He recalled the heroes of his youth–the books he had read, the movies he had seen–and how he had thrilled to see courageous men and women risk everything for a truth they believed, while the world around them laughed, scorned, pitied, or attacked.
He remembered that there had always been someone nearby to ridicule, to scoff, or to sneer at his heroes–someone to remark that real life was not like that, that heroes did not exist, that good guys finish last–and he had not argued.
Now he understood that in failing to argue he had not been agreeing nor accepting what they were saying; he knew he had never been convinced. He had believed then and still believed that heroes do exist and that they are the only winners in life.
It was becoming clear to him that should a man who did not believe in heroes, hold a belief an ideal, he must lack any incentive to uphold his truth against the opposition of public opinion, laughter, or scorn. And after he had betrayed it, any victory of his truth must then be a reproach to him. It would become another’s victory; because the ultimate victory or defeat of truth lies in every person individually. One may uphold one’s truth or betray it. And any victory belongs to the one who upholds it.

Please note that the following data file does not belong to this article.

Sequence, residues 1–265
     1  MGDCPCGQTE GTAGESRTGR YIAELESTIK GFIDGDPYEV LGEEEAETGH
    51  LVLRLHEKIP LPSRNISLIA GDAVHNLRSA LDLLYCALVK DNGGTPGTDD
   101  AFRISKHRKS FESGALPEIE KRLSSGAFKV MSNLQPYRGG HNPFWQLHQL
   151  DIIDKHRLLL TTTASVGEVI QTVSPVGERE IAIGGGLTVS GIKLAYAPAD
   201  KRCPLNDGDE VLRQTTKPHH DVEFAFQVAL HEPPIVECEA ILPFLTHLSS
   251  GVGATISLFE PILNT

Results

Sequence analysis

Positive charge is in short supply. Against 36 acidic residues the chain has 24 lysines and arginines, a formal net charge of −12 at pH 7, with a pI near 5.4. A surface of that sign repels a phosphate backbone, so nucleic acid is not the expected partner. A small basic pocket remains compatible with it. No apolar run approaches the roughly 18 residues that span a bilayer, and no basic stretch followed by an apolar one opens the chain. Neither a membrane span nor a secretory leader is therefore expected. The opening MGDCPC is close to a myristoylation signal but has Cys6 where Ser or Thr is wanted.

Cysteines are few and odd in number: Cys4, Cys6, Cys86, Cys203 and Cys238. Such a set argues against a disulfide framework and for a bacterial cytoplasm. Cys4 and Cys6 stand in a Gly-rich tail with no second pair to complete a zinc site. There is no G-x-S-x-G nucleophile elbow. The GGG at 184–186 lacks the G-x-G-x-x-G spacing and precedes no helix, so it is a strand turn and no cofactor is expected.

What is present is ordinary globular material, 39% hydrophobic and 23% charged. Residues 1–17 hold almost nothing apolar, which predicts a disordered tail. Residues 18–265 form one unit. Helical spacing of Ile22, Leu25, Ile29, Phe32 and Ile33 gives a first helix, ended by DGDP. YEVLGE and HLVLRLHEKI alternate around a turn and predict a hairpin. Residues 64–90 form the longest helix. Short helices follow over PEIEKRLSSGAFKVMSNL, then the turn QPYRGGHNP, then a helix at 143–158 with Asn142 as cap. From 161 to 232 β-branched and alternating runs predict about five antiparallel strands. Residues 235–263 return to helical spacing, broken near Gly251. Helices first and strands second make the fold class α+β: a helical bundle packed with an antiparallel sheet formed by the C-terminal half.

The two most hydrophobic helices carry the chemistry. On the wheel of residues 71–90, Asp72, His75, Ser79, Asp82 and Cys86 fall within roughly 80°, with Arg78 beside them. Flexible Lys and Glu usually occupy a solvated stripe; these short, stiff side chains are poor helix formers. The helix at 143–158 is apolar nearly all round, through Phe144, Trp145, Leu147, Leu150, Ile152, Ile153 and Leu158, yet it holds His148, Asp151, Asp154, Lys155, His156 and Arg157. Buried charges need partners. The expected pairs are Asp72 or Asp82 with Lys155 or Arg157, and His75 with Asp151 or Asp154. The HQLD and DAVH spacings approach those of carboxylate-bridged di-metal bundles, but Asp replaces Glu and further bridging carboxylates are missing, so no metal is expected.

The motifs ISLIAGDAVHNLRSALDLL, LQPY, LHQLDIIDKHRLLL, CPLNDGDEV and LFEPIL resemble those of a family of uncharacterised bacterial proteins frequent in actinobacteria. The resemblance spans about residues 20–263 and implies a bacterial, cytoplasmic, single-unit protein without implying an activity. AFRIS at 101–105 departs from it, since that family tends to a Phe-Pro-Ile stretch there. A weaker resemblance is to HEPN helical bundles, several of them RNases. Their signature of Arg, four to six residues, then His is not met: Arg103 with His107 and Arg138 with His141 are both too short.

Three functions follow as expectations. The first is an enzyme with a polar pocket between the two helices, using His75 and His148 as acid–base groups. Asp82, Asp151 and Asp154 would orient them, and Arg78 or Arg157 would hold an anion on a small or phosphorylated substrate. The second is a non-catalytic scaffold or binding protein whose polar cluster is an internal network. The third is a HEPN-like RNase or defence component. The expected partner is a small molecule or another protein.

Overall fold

He realized now that in every book or movie involving a hero, the happy ending, the victory, the story of a hero’s triumph of good over evil had merely been presented as an incentive to spark another’s heroism.
The hero’s first reward was personal–the knowledge that he had, against all opposition remained true to his own truth and ideals.
And now he knew what he had been wanting all his life. He had wanted to be the hero–not the emulation of other heroes–the hero in his own life. That was why he could never compromise when others could, and why he had never understood their compromises.
Now he understood. They had never believed in heroes, nor expected to be one. But he had. He realized now that he must be his own hero. Anything less would be waste of his life and the worst kind of failure.
Others might achieve more or greater victories than he; that did not matter. What did matter, and had always mattered, was that he remain true to himself, to his principles, to his own truth, and that he strive to achieve the best within himself–for the hero inside him that demanded his best, and would settle for nothing less.